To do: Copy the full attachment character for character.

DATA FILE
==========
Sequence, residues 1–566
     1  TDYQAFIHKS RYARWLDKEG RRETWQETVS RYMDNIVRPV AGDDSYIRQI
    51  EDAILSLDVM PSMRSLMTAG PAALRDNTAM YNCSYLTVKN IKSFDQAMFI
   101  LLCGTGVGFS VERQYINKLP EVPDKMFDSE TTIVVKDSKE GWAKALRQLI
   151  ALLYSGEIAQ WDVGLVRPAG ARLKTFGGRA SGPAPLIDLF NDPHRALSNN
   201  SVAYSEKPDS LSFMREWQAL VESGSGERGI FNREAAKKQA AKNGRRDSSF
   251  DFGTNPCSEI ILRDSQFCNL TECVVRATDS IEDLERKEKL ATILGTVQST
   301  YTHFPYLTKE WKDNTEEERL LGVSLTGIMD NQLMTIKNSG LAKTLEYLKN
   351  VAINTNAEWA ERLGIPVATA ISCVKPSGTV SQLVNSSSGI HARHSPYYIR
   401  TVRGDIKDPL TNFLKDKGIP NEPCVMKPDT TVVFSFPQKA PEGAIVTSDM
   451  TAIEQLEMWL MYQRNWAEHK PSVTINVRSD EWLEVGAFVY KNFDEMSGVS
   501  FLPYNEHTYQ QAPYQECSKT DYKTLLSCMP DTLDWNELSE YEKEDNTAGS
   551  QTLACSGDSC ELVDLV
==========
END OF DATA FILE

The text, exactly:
Sequence, residues 1–566
     1  TDYQAFIHKS RYARWLDKEG RRETWQETVS RYMDNIVRPV AGDDSYIRQI
    51  EDAILSLDVM PSMRSLMTAG PAALRDNTAM YNCSYLTVKN IKSFDQAMFI
   101  LLCGTGVGFS VERQYINKLP EVPDKMFDSE TTIVVKDSKE GWAKALRQLI
   151  ALLYSGEIAQ WDVGLVRPAG ARLKTFGGRA SGPAPLIDLF NDPHRALSNN
   201  SVAYSEKPDS LSFMREWQAL VESGSGERGI FNREAAKKQA AKNGRRDSSF
   251  DFGTNPCSEI ILRDSQFCNL TECVVRATDS IEDLERKEKL ATILGTVQST
   301  YTHFPYLTKE WKDNTEEERL LGVSLTGIMD NQLMTIKNSG LAKTLEYLKN
   351  VAINTNAEWA ERLGIPVATA ISCVKPSGTV SQLVNSSSGI HARHSPYYIR
   401  TVRGDIKDPL TNFLKDKGIP NEPCVMKPDT TVVFSFPQKA PEGAIVTSDM
   451  TAIEQLEMWL MYQRNWAEHK PSVTINVRSD EWLEVGAFVY KNFDEMSGVS
   501  FLPYNEHTYQ QAPYQECSKT DYKTLLSCMP DTLDWNELSE YEKEDNTAGS
   551  QTLACSGDSC ELVDLV